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CONTENTS.

PART I.

THE ART OF WAR.

CHAPTER 1.

MILITARY MAXIMS AND WARLIKE OPERATIONS.

Introductory Remarks. $I. Principle of Strength in an Army. II. Plan of
Campaign - Definitions of Military Terms— Importance of Rapidity of Move-
ment-Operations of large Masses on a single Point. III. Adaptation of Means
to Circumstances Genius of Napoleon. IV. Offensive Operations. V. Con-
centration of separate Forces. VI. Modifications of original Plans. VII. Of
supporting the Wings of an Army. VIII. Depots. IX. Various Lines of Ope-
rations. X. Configuration of the Theatre of War-Illustrations. XI. Of pass-
ive Defence. XII. Fortresses. XIII. Advances and Retreats. XIV. Attacks on
both Extremities. XV. Spies. XVI. Order of Battle. XVII. Angles of Of-
fence and Defence, XVIII. Oblique Attack. XIX. Importance of constant
Preparation. XX. Difficulties of Commander-in-Chief. XXI. Efficacy of Va-
lour and Discipline. XXII. Operations when inferior in Force. XXIII. Of
acting in detached Lines-Brilliant Success of Napoleon. XXIV. Of Flank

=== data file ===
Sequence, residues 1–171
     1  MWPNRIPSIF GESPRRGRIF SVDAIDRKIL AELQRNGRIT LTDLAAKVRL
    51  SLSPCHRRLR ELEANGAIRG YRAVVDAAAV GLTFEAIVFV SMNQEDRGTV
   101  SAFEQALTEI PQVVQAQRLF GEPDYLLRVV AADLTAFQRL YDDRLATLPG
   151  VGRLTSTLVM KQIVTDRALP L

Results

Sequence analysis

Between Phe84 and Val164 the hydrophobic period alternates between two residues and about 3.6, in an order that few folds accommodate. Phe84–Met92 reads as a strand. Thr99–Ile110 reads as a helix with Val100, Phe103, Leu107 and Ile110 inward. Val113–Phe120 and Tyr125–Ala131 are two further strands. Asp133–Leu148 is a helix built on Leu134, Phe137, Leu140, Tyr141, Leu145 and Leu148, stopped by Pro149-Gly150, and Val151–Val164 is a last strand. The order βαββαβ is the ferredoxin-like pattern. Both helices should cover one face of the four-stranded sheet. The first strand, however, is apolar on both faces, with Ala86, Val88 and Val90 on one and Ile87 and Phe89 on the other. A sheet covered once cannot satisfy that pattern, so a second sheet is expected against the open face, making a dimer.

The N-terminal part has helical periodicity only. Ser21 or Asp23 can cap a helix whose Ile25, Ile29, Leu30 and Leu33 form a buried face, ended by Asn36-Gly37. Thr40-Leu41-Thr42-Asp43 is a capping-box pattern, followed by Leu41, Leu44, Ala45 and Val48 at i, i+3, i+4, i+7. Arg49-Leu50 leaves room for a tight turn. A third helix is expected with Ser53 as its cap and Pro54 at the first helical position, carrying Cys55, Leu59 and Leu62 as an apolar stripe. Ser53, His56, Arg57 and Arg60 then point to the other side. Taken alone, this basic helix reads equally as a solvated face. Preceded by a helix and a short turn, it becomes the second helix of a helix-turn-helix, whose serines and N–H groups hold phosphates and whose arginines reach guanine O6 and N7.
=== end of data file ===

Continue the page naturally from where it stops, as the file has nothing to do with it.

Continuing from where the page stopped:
Attacks. XXV. Importance of a single Line of Operations. XXVI. Of Dis-
tances between Marching Corps—Retreat of Moreau—Mountain Campaigns.
XXVII. Of disappointing an Enemy's Wishes. XXVIII. Of the Importance of
frequent Entrenchment_Success of the Duke of Berwick-Of Marshal Turenne.
XXIX. Of Courage and Decision when surprised by a superior Force-Marshal
Turenne and the Prince de Condé. XXX. Transition from Defensive to Offen-
sive_Napoleon's first Campaigns in Italy. XXXI. Of abandoning and chang-
ing Line of Operations Examples of Frederick the Great and Marshal Turenne.
XXXII. Operations with heavy Trains of Artillery, &c. XXXIII. Encamping
in Position. XXXIV. Conduct when menaced with being surrounded. XXXV.

Proper Position of Cantonments. XXXVI. Dangers in crossing Bridges in

Rear. XXXVII. Of employing separate Corps against a central Force-Battle

of Hohenlinden. XXXVIII. Conduct when driven from first Position-Battle

of Genola-Of Milesimo. XXXIX. Movements of a retreating Army. XL.

Concentration of Forces on the Eve of Battle-Defeat of Jourdan. XLI. Duty